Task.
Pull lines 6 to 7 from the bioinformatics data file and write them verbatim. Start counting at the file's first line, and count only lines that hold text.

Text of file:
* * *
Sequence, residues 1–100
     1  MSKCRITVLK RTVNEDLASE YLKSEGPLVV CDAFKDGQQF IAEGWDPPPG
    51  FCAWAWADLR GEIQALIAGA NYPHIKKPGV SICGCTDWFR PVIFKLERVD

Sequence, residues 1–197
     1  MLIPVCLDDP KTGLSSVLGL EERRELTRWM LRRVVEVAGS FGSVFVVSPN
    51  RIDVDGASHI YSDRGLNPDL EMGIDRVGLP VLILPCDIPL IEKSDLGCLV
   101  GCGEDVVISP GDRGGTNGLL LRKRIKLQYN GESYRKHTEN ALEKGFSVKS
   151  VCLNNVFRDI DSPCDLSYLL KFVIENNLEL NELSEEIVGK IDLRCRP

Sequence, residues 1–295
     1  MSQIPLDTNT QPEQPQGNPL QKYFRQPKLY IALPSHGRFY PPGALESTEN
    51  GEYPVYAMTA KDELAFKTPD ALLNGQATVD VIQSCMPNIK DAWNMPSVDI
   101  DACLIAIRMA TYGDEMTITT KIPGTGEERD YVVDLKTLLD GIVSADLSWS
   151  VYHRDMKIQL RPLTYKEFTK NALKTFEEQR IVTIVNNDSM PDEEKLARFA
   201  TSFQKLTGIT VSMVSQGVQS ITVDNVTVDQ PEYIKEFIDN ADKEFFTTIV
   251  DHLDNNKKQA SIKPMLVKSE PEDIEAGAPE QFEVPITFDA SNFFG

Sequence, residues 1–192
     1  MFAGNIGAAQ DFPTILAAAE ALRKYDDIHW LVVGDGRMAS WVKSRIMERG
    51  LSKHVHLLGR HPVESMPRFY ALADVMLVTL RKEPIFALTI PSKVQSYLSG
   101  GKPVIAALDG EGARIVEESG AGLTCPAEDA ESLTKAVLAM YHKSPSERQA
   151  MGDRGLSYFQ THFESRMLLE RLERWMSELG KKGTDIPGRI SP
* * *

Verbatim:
    51  RIDVDGASHI YSDRGLNPDL EMGIDRVGLP VLILPCDIPL IEKSDLGCLV
   101  GCGEDVVISP GDRGGTNGLL LRKRIKLQYN GESYRKHTEN ALEKGFSVKS